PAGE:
The Nuclear Free Irish Sea Flotilla peacefully protesting against BNFL shipment of plutonium..
The flotilla, comprising concerned seafarers from all corners of
the British Isles and the Republic of Ireland, left the port of
Holyhead in North Wales on Sunday morning to protest the ships'
The nuclear freighters were spotted mid-afternoon today between
Ireland and south west Wales and the protest was mounted.
At times, the nuclear freighters course through the Irish Sea
took them to within one mile of Irish territorial waters. The Irish
navy had sent a patrol boat and spotter plane to monitor the
shipment and to ensure it stayed away from their coast.
The flotilla protest was peaceful, with all of the sailboats
maintaining a safe distance from the heavily armed nuclear
freighters. Two hours before the protest the captain of the Rainbow
Warrior, via emergency radio channel 16, informed both nuclear
transport ships that the protest would be peaceful, and that there
would be no interference with the navigation of the vessels.
Neither the Pacific Pintail nor Pacific Teal responded, which is in
breach of maritime safety regulations.
The Nuclear Free Seas Flotilla numbers over twenty yachts, and
the Rainbow Warrior. Jim Corr, of Irish band 'The Corrs' is amongst
the crew. Listen to Jim explaining his motivation for
joining the protest.
The Flotilla is part of a global movement to stop the nuclear
reprocessing industry from producing and trading in weapons-usable
plutonium. British Nuclear Fuels (BNFL) and the French company
COGEMA which operate reprocessing plants, have amassed more than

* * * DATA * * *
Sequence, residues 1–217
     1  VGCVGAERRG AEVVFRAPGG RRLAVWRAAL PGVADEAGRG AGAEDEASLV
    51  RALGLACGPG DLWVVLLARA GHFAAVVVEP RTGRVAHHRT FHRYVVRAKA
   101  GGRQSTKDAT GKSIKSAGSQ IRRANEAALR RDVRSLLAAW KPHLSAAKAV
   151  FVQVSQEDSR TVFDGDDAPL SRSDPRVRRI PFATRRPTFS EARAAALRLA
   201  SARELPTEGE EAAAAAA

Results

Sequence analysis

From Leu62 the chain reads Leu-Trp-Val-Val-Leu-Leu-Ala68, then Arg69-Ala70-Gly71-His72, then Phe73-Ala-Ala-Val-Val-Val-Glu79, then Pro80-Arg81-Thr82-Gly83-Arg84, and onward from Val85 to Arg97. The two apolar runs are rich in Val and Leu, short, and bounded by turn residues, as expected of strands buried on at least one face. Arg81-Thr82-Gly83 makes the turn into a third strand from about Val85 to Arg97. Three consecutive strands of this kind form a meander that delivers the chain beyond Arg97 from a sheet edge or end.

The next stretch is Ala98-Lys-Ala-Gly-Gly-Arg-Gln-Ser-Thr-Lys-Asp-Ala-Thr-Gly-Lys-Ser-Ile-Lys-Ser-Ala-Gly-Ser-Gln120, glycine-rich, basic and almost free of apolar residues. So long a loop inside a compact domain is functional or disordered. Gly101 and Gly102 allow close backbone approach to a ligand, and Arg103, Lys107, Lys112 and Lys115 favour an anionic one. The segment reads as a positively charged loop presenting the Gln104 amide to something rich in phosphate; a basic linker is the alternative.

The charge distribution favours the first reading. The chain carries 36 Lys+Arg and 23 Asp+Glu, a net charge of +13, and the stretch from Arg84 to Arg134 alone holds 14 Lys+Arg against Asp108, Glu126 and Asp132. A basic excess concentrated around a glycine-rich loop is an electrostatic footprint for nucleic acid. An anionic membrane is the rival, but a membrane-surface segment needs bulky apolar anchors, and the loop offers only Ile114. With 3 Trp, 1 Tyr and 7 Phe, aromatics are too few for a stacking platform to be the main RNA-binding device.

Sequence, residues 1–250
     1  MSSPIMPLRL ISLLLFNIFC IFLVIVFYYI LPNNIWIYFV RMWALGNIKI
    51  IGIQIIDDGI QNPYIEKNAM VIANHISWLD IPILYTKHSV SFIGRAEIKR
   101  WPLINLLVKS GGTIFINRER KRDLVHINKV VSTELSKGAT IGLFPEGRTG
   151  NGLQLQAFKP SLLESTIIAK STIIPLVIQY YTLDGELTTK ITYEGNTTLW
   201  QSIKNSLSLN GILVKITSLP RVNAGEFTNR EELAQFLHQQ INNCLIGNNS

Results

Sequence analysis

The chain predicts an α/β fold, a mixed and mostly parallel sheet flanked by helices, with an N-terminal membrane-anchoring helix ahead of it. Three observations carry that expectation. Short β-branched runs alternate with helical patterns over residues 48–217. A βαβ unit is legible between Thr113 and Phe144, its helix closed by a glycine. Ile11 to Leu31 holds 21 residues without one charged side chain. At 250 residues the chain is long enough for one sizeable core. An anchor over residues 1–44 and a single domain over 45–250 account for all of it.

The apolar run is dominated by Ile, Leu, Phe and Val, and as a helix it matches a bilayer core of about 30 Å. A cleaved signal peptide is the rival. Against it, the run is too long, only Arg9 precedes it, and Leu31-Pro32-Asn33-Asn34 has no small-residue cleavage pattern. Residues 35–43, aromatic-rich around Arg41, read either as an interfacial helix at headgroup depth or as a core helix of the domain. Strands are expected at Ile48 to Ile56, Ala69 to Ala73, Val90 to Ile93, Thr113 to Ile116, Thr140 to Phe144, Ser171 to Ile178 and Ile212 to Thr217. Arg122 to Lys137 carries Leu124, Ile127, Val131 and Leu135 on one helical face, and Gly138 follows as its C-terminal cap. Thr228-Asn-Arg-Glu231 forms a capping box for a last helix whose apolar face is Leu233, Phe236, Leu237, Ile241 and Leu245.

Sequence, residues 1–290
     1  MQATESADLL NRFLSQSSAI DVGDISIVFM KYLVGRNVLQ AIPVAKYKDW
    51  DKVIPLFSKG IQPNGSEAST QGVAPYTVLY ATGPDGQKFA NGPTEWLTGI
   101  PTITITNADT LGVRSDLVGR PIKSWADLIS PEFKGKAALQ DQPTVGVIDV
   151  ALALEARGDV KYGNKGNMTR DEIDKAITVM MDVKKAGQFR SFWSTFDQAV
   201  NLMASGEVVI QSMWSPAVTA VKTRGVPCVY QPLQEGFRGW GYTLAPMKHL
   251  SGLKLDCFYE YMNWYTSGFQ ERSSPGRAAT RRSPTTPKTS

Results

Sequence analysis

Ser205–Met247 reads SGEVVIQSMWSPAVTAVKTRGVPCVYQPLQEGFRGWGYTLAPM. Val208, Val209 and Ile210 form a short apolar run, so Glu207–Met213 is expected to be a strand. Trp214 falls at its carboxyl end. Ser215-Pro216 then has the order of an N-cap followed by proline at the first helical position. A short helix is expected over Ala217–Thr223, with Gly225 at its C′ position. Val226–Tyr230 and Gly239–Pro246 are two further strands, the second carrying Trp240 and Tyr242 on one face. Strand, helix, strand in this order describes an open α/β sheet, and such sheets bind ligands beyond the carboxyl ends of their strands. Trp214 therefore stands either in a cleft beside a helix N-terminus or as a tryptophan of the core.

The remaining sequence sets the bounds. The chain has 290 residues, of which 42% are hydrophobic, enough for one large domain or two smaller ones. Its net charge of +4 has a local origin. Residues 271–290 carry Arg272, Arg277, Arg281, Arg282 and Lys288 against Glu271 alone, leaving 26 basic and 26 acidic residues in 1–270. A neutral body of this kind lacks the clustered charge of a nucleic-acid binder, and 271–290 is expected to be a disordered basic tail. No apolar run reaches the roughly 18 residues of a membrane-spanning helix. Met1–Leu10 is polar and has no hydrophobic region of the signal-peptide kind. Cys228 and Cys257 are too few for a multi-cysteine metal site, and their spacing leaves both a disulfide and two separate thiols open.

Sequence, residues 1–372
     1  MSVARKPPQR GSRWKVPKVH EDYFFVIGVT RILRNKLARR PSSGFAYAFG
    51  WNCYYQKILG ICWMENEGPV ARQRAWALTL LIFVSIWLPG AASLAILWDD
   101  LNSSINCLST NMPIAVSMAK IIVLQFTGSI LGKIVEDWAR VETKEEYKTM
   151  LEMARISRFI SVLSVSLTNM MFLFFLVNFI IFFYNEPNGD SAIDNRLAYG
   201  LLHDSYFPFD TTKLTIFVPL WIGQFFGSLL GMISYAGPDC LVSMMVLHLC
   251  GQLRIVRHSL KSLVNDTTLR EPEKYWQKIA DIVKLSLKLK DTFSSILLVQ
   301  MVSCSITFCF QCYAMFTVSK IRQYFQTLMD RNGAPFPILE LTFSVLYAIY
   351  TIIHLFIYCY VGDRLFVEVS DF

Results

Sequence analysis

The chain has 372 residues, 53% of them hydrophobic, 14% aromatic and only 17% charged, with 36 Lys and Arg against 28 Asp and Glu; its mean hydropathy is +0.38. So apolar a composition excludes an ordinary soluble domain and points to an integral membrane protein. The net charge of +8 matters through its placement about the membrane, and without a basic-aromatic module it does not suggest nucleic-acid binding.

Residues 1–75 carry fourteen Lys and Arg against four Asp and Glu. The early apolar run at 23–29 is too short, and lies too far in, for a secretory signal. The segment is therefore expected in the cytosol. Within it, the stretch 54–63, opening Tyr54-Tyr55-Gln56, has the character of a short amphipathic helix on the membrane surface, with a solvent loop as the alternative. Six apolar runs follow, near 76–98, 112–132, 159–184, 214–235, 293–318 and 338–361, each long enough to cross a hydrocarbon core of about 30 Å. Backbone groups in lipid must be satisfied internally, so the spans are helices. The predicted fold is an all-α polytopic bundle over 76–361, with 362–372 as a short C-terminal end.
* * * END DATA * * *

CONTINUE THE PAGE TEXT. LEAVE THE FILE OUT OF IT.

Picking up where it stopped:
150,000 kilograms of plutonium so far at their respective nuclear
sites. Both companies hope to secure plutonium MOX fuel contracts
with Japan. If successful it would mean as many 100 plutonium sea
shipments. However, Japan's nuclear program is in crisis with plans
to use plutonium MOX fuel frozen by its largest nuclear company,
Tokyo Electric. Opposition to the plutonium program in Japan has
grown significantly since the original falsification scandal in
1999 with the Government and utilities under pressure to abandon
their controversial program.
"This plutonium MOX should never have been shipped to Japan in
the first place in 1999. If they had their way it would now be
loaded into a nuclear reactor increasing the risks of a
catastrophic nuclear accident, " said Shaun Burnie, Greenpeace
Nuclear Campaigner on board the Rainbow Warrior. "The people in
Japan know this and are committed to stopping any further business
with Japan. The UK Government which continues to support BNFL and
the trade in bomb-material needs to stop this madness before there
is a disaster." Burnie added.
Since leaving Japan on July 4th, over 80 Governments have
condemned this shipment citing environmental, security and safety
concerns. Protests along the transport route included a South
Pacific/Tasman Sea flotilla between New Zealand and Australia.
Governments along the route have demanded that the vessels not
enter their 200 mile Exclusive Economic Zone. The two ships are
bound for Barrow-in-Furness, where their cargo of plutonium MOX
will be unloaded and transported to the nuclear complex at
Sellafield. BNFL has no intention to do anything with the plutonium
MOX other than to dump it along with the other 70- 80,000 kilograms
of plutonium currently in store at Sellafield.
The two ships will be greeted by protests from other boats in
the Nuclear Free Irish Sea Flotilla, when it arrives at 9am Tuesday
morning in Barrow-in-Furness, BNFL' s homeport.
Please help us ensure that this is the last such transport by
sending a protest
letter to UK Foreign Minister Jack Straw.